Ubuntu: And finally there is Ubuntu, Based on GNU/Linux. Linux based systems are often frowned upon for being free, and “only good for servers” or “too hard for a casual computer user to use”, this perception is now outdated. 10 years ago, this might have been the case, as alot of drivers had to be compiled from source code, as well as software. Now systems like Ubuntu provide support for hardware out-of-the-box (the latest version of Ubuntu, 10.04 – Lucid Lynx, even supports the touch screen on my tablet PC without any configuring!), and software is usually managed by the package manager. This means that when your computer says “There are updates available”, not only is it able to update the operating system, but pretty much all of the software you have installed! This keeps the whole system free of bugs!
The Linux Kernel was created in 1991, and Ubuntu was first released in 2004, though it is important to note that Ubuntu isn’t the only Linux system available, it’s just currently the most popular!
Sadly, as Linux systems are 3rd place in the market share, not many software vendors write software for it. But it is an Open Source system, and most of the software available for it is also open source. Open Source means that the code used to make these programs are freely available and can be changed to improve the system, they can then be submitted back the the original project, or the whole project can be forked and a separate program can be created, based on the original. Bug fixes and improvements are provided by the community. This means there’s no dedicated team of testers, but it does mean if a problem is found, it can be fixed very quickly! A project called WINE is able to run many Windows applications (including Microsoft Office 2007) quite well now, and with the rate it’s improving, I wouldn’t be surprised if within a few years, it will be able to run 90% of Windows applications available! Unless you’re using WINE, you’ll probably find it hard to game on a Linux system, even though games like World of Warcraft are available, most titles will require WINE to even have a chance to run on a Linux system at all!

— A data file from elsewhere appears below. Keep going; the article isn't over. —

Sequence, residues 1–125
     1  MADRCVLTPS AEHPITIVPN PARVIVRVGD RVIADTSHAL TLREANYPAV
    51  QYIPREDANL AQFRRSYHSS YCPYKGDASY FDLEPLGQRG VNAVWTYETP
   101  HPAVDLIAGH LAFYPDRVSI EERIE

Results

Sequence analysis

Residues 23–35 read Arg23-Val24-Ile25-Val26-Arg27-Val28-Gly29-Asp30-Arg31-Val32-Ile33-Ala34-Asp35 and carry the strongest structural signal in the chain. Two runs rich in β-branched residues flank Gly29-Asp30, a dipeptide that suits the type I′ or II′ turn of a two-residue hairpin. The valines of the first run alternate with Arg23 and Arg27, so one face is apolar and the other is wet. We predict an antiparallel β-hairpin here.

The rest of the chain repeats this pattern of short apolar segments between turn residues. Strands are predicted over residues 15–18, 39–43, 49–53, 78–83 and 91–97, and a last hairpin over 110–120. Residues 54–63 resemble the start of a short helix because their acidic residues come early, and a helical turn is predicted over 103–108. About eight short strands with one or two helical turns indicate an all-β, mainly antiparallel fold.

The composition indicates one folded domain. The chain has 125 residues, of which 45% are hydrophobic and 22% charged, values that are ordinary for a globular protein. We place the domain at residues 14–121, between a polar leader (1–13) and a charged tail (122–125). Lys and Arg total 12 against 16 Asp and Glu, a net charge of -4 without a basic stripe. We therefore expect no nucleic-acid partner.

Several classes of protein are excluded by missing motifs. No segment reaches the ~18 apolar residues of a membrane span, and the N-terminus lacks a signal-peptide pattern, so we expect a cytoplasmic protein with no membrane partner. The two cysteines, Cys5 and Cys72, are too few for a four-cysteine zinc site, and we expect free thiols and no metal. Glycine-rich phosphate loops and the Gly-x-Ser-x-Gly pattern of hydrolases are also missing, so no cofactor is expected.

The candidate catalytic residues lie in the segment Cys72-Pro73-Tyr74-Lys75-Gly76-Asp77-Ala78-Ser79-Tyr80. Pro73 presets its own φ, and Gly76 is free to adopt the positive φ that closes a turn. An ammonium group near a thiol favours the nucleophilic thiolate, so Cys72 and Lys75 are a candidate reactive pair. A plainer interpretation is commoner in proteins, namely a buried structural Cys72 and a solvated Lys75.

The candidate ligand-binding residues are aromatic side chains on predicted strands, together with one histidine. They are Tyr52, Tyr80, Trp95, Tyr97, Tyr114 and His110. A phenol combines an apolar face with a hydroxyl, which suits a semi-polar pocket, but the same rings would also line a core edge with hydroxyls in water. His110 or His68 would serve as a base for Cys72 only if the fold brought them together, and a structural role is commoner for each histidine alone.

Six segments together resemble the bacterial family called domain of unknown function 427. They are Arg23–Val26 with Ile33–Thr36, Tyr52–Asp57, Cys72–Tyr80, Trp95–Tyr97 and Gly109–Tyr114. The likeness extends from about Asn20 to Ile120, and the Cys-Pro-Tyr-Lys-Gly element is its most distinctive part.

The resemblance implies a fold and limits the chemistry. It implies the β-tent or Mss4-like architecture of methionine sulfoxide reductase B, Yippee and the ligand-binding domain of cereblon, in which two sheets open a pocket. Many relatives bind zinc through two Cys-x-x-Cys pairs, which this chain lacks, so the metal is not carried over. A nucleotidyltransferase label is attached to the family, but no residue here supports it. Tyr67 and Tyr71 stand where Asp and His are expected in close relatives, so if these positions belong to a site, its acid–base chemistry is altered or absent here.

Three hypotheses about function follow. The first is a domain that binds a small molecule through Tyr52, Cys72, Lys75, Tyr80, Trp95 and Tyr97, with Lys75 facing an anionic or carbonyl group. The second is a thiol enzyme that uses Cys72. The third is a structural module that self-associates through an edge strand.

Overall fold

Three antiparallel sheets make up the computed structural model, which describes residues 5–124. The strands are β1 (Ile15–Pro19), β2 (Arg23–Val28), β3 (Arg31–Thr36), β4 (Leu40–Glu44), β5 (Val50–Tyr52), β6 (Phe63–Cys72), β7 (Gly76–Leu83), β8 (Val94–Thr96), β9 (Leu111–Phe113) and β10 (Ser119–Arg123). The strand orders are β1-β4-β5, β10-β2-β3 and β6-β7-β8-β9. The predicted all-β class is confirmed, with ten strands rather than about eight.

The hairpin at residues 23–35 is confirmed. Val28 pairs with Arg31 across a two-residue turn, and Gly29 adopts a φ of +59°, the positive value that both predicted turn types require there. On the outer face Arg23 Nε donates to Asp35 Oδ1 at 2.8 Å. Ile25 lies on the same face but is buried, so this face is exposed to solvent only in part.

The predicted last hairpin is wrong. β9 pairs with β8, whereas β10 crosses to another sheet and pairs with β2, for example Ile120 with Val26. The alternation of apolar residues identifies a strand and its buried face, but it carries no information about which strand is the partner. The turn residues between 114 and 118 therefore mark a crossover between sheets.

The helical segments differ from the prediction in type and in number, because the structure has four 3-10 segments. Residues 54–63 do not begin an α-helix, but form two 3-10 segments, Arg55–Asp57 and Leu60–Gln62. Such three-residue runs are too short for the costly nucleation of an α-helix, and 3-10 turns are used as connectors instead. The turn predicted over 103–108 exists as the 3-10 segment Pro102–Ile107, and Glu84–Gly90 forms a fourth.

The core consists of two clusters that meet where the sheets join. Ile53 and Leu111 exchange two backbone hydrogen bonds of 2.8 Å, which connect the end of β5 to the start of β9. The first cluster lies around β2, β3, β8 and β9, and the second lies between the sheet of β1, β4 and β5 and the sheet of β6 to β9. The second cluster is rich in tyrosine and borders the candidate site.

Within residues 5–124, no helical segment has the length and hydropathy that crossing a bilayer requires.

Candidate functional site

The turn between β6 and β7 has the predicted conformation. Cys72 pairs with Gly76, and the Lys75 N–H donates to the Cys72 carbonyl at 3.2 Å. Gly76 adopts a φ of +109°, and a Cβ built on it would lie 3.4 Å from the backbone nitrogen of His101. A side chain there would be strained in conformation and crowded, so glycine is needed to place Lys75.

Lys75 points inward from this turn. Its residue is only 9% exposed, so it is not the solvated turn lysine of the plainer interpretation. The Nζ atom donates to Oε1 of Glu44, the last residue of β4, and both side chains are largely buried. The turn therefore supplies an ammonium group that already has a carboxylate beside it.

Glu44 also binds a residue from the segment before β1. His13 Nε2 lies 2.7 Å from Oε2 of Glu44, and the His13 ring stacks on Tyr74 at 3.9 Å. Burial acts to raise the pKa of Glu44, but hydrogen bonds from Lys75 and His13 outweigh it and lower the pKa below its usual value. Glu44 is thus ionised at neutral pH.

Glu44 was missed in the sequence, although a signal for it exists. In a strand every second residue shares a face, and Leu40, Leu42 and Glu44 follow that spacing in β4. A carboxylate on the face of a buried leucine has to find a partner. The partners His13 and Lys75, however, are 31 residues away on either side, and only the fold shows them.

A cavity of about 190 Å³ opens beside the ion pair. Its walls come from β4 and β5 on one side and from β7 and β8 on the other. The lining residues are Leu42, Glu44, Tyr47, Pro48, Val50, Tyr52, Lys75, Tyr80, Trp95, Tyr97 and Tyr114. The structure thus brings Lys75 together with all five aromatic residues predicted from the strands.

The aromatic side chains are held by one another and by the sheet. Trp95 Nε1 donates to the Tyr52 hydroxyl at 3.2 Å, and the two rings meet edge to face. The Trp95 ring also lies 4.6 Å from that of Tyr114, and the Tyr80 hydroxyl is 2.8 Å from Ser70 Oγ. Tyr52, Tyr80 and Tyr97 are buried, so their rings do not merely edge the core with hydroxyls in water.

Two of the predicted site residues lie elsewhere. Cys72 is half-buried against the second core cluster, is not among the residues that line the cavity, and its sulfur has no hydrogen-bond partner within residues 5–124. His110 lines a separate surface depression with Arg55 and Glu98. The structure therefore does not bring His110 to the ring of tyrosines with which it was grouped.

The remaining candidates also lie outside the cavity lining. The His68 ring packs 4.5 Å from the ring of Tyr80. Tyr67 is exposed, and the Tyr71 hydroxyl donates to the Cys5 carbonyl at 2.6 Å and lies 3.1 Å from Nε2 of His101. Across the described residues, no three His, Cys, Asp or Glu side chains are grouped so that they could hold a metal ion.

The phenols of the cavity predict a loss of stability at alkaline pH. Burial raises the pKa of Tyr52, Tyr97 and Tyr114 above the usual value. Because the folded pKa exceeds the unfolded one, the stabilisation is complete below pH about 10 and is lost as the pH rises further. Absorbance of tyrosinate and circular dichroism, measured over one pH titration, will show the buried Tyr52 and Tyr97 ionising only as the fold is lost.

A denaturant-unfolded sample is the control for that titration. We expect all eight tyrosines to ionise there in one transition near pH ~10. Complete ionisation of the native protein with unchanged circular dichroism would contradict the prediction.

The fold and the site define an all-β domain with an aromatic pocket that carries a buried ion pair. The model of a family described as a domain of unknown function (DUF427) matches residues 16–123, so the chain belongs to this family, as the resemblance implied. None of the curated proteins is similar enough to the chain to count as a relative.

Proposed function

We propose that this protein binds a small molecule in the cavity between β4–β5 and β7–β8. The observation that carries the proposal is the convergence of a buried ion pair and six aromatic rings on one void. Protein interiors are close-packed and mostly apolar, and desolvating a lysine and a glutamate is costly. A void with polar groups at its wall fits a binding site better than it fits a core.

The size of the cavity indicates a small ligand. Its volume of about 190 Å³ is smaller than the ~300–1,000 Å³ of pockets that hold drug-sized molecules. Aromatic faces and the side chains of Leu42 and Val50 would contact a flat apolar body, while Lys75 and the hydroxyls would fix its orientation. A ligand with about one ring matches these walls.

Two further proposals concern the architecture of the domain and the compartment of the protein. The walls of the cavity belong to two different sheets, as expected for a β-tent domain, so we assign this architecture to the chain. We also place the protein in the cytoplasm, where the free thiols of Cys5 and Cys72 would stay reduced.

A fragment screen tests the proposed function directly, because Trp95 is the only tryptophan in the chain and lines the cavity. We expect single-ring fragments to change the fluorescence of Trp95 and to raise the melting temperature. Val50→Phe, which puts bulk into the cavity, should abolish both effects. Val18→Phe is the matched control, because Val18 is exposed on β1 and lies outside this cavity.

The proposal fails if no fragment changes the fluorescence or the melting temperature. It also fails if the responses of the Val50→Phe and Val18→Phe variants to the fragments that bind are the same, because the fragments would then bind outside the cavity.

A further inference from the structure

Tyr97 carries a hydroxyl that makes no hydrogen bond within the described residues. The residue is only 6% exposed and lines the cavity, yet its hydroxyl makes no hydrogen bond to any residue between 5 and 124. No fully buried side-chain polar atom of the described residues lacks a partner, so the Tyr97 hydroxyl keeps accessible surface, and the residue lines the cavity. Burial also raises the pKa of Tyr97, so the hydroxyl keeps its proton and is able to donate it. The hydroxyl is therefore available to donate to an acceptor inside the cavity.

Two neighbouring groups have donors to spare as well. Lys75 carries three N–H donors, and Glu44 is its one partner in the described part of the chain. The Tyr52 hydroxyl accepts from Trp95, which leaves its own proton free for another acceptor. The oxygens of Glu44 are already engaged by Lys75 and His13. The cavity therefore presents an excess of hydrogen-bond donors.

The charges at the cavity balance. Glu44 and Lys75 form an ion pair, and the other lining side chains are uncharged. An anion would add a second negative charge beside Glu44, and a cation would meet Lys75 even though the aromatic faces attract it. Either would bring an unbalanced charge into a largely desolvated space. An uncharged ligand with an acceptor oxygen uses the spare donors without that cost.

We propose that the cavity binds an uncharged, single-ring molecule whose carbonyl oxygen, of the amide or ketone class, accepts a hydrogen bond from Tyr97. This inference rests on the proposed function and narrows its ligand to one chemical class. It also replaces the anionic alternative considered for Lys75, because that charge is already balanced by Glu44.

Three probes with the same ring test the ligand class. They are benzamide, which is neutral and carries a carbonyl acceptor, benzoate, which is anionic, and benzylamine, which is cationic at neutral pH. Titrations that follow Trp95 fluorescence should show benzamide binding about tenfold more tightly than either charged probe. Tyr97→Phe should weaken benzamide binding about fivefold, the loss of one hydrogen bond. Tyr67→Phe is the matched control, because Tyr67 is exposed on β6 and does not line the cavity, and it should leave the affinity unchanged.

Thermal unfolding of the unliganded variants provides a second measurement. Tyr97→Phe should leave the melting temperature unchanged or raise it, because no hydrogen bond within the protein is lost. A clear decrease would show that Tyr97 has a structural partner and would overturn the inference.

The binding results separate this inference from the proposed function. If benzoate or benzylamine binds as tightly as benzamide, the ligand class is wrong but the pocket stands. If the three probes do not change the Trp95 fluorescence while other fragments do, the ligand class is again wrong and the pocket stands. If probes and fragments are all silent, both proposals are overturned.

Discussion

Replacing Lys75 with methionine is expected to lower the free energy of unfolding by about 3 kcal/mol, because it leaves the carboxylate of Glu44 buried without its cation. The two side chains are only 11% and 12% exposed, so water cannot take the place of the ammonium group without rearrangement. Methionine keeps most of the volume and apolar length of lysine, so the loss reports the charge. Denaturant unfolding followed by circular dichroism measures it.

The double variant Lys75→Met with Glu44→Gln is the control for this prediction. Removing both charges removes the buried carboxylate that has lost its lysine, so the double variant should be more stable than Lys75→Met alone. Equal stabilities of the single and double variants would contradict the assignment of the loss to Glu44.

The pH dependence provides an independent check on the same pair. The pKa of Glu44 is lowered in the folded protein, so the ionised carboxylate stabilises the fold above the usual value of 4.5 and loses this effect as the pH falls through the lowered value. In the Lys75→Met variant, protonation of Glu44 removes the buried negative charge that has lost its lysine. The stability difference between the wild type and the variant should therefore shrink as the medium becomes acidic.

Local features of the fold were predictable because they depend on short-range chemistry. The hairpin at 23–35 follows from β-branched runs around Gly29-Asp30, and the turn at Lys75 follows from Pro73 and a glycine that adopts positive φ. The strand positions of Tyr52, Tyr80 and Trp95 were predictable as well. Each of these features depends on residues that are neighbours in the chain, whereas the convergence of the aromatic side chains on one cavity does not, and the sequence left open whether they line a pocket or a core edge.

Linux systems (including Ubuntu) are very stable due to the software and drivers being written and revised by the community, people with more understanding of the system can optimise drivers to work better with it! This is one of the reasons why Linux systems have been used on servers for a long time! As the Ubuntu desktop editions have been designed for the average user, the popularity of Linux on home computers had increased quite a bit in the past 10 years. I, myself, have been using Linux systems since 2002, and started using it full time in 2006, and in that short space of time, I could see many of the projects producing Linux systems making it easier for the end user to actually use the system!
Personally, I don’t think Linux based systems are quite there just yet to be a potential replacement to Windows in the market share, but give it a few years, and I think it might even give Mac OS X a run for its money! But if all you want is a machine that can word process, watch movies, listen to music, and browse the internet, then this is already definitely an option for you! Image, video, and music editing are still easier on a Mac or a Windows system, but there are projects (open source) that are able to do this under Linux and, once again, in a few years, may put the closed source programs to shame! In the world of image editing, some people are already switching from Photoshop, to the popular Open Source program GIMP (GNU Image Manipulation Program).
Ubuntu is well worth looking in to, and can be installed along side Windows or Mac (depending on the machine you use).
So in a nutshell:
- Windows – Most compatible with software, plenty of software written for it, gaming central, but is expencive, can be unstable at times, and is often targeted by malware writers!
- Mac OS X – Stable, great for creativity, but not as many games for it, and requires you to buy a Mac to use it legally!
- Ubuntu – Easy to use and maintain, very stable, but not many companies writing software for it, gaming lacks here too, but it is becoming increasingly popular and getting better all the time!
As you can see, it really depend on what you want to use your computer for as to what OS to use. It’s not just a simple answer of “This one’s the best!”